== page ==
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Maritime workers suspend strike after stakeholders’ intervention



Non-oil sector pushes Nigeria's GDP to 1.81 percent in Q3

The Maritime Workers Union of Nigeria (MWUN) has suspended the its two-day-old strike following the intervention of management of the Nigerian Ports Authority (NPA)

The union had embarked on a strike after the end of a two weeks ultimatum asking the Federal Government to compel International Oil Companies (IOCs) to pay outstanding wages to dockworkers appointed by the NPA.

The notice of the suspension was indicated in a statement on Friday jointly signed by its President General, Adewale Adeyanju, and the Secretary General, Felix Akingboye.

The statement read in part, “We wish to thank you all for the solid support /solidarity given to the union for the past few days we have embarked on a strike action against the management of the international oil companies who have taken delight in breaking Nigerian laws with impunity and also denied dockworkers payment of salaries/wages for the past one year.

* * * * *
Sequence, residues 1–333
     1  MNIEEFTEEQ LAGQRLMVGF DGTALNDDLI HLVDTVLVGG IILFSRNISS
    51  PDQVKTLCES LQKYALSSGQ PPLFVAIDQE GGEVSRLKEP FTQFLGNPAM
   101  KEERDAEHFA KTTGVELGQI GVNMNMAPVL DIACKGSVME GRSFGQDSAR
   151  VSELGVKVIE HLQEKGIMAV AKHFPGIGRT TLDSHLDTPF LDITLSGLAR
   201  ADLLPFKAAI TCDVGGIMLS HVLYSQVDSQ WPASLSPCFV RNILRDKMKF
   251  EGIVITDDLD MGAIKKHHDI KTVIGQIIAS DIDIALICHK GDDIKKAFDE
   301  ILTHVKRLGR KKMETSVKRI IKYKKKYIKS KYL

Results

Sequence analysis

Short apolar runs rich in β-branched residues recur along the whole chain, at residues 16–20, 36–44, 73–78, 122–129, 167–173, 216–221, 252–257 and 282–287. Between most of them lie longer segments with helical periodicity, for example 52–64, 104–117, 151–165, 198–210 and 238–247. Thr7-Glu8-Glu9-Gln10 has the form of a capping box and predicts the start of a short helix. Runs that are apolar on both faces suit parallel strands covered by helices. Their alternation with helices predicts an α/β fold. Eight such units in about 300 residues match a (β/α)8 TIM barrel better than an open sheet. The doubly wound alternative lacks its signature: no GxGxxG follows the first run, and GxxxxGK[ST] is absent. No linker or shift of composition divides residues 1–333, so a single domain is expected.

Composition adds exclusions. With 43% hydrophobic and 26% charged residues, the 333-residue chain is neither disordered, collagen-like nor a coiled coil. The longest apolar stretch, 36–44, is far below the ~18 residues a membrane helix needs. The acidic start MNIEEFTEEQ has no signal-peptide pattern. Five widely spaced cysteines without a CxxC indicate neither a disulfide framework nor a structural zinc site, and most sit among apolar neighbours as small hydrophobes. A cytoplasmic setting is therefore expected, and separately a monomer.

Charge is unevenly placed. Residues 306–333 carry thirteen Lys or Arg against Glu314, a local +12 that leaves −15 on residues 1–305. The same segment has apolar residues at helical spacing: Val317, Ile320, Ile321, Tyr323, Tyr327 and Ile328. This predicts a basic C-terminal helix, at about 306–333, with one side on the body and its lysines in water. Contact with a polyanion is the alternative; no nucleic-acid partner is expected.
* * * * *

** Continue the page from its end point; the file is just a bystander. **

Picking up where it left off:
Read also: Sea ports shut down, as Maritime workers’ strike enters day two

“We have noted with grave concern that some major stakeholders in the industry who are not in any way involved on why the union embarked on a strike action are adversely affected in their operations.

“However, arising from the intervention of the permanent secretaries  of the Federal Ministry of Transportation, Federal Ministry of Labour and Employment, some notable stakeholders especially, the Managing Director of Nigerian Ports Authority (NPA), Hadiza Bala-Usman and her management team, whose two  weeks’ ultimatum to the IOCs on the same issue expires on Monday July  8, we have decided to suspend the strike action pending the outcome of a meeting scheduled to take place next week.”

It added that the forthcoming meeting would involve the managements of the NPA, the Nigerian Maritime Administration and Safety Agency (NIMASA) , the Nigerian Shippers’ Council (NSC) , the Nigeria National Petroleum Corporation (NNPC) , the IOCs and the leadership of the MWUN.

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